Disney is one of the most recognized and loved names in the world. Going to Disney World or Disneyland is every child’s dream. They can see all their favorite characters like Mickey, Minnie, Goofy, Donald, Cinderella, Snow White, Peter Pan and more. Yes, Disney knows how to create a fantasy world for children. Even when you leave Disney, the characters follow you everywhere. Clothing stores have sweatshirts and t-shirts with Mickey, Minnie and the gang on them. Jewelry is made in their likeness. Items for your home like, waffle makers, lamps, blankets and glasses have their images on them. With the characters from Disney seemingly everywhere, how does the Disney Company keep a handle on trademarks and other Intellectual Property rights?
Disney actually has an antipiracy group to watch over the use of their brands and characters. They take it very seriously. Most of the characters in the Disney family are created by those talented artists from Disney, but some of the most loved characters are not actually creations of Disney. Take the Disney princesses for example. Let’s talk about Cinderella, Snow White, Little Mermaid and Sleeping Beauty. You might think they are creations of Disney; after all, the castles in the middle of Disneyland and Disney World belong to Cinderella, don’t they? And the princesses are always together on backpacks, pillows, blankets, clothing and toys. Did you know the intellectual property rights of those princesses and other characters actually are owned by public domain or book publishers? Snow White was created by the Brothers Grimm. Charles Perrault created Cinderella. The Little Mermaid was created by Hans Christian Andersen. Surprise! Of course, Disney holds a tight rein on anything resembling their characters, adding to the misconception of their intellectual property rights. And they will fight to keep those characters in the Disney family.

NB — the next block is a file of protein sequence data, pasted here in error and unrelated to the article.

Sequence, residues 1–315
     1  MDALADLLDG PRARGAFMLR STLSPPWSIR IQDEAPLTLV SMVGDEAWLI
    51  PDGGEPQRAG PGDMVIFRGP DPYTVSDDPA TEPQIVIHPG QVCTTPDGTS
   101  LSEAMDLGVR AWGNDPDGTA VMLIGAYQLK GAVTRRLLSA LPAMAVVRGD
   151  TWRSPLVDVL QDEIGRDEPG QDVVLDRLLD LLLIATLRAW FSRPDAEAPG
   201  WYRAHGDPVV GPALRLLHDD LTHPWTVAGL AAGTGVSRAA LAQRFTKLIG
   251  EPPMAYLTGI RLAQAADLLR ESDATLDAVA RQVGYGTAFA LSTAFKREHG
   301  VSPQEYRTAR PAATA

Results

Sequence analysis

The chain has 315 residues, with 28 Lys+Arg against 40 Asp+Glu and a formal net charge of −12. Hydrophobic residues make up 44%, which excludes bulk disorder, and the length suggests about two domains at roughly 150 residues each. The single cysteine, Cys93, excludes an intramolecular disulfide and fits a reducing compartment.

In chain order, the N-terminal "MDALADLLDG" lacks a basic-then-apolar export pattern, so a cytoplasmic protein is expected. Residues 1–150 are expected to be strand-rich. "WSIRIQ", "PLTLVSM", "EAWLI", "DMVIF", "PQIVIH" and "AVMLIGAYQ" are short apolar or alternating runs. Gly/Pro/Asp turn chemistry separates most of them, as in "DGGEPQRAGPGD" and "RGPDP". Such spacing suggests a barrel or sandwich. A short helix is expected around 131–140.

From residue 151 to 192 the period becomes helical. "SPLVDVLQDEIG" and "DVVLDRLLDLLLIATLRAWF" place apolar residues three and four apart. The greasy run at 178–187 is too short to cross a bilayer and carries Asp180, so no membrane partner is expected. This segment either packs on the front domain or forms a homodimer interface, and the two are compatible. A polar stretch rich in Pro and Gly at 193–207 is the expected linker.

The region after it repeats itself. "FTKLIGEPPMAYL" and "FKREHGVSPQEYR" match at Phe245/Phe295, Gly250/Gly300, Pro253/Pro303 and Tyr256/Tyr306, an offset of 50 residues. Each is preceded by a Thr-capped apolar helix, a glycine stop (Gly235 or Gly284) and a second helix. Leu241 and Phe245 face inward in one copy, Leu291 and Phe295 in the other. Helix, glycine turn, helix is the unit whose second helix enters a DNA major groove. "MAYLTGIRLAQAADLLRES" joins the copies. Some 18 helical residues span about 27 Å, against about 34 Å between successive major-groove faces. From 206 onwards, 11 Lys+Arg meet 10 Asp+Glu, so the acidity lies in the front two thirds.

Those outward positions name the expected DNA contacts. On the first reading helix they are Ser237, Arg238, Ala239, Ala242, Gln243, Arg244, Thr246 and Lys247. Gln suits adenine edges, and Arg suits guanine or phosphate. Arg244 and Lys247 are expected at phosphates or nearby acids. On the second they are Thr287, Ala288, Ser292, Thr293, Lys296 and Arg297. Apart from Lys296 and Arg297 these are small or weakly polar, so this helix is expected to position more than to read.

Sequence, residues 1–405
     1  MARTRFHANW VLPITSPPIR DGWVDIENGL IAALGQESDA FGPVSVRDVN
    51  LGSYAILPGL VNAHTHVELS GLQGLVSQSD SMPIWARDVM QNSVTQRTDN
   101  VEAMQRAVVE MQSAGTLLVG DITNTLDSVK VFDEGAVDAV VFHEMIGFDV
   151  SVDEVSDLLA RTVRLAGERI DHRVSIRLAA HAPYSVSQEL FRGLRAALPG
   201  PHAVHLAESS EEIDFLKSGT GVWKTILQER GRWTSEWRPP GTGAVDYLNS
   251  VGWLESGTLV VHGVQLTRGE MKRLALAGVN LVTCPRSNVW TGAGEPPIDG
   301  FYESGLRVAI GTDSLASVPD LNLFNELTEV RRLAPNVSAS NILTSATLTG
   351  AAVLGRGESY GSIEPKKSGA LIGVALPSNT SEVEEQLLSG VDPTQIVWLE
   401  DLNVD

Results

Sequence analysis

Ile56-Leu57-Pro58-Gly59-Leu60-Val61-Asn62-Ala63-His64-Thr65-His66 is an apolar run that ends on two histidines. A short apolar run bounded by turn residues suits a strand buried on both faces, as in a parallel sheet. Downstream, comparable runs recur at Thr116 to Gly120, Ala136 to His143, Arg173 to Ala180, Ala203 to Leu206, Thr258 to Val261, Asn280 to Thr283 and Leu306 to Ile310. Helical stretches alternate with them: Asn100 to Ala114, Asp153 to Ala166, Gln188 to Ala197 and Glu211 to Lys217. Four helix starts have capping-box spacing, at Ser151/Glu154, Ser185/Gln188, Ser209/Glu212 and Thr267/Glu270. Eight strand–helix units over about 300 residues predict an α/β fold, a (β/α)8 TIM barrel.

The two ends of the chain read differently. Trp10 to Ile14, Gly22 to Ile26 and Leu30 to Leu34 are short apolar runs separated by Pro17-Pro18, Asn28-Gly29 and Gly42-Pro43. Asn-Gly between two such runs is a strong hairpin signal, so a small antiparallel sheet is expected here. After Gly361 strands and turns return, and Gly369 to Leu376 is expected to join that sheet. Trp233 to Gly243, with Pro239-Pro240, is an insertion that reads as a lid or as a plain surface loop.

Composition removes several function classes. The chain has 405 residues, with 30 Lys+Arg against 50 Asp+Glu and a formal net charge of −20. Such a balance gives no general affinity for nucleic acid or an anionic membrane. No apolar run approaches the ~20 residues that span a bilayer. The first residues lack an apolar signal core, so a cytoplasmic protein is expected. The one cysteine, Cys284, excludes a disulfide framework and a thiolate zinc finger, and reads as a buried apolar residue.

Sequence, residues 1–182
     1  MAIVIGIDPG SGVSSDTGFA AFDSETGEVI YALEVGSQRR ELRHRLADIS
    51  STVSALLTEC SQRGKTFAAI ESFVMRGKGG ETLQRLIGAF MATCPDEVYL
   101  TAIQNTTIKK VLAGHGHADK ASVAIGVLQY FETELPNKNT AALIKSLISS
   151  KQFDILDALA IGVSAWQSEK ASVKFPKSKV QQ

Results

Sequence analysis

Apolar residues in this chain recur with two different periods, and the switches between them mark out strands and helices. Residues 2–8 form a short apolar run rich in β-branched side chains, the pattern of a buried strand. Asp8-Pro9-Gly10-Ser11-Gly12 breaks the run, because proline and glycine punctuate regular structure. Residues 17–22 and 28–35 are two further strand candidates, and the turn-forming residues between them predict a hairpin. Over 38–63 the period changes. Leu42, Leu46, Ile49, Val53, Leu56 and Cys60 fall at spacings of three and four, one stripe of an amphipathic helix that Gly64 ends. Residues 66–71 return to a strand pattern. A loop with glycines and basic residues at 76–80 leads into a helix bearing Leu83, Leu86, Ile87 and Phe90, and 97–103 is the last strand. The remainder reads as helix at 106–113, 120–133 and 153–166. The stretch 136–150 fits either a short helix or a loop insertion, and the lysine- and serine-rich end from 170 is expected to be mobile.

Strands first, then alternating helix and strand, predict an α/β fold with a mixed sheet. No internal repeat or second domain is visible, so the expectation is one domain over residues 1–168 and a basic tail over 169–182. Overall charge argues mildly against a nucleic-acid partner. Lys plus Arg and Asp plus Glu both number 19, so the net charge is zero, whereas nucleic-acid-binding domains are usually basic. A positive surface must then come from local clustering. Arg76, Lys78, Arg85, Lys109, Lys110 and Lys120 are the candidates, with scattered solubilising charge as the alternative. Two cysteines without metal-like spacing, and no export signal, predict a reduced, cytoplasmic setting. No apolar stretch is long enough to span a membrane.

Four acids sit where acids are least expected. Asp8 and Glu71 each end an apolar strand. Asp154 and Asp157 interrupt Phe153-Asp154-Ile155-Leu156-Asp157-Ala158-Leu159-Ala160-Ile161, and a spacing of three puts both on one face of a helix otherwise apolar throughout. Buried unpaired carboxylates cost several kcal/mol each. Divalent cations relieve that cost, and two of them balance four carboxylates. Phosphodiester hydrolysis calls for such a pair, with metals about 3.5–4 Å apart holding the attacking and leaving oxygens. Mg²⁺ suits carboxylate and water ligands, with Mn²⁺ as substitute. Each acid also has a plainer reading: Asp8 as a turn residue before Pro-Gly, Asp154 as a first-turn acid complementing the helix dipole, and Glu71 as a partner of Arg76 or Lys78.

Let’s move on to “Frozen”. “Frozen”, is a mega hit for Disney and unless you live under a rock, you’ve heard the song from that movie a thousand times. It’s everywhere. Fathers and daughters have videos on YouTube singing “Let it Go”. There are parodies all over the place. Having this song become as popular as it has is certainly not hurting Disney’s bottom line. In fact, these acts of copyright infringement have certainly boosted the popularity of this movie, making Disney a great deal of money.
It’s evident that Disney needs to keep an eye on those who would violate their intellectual property rights in most cases, but it can pay to turn a blind eye at other times.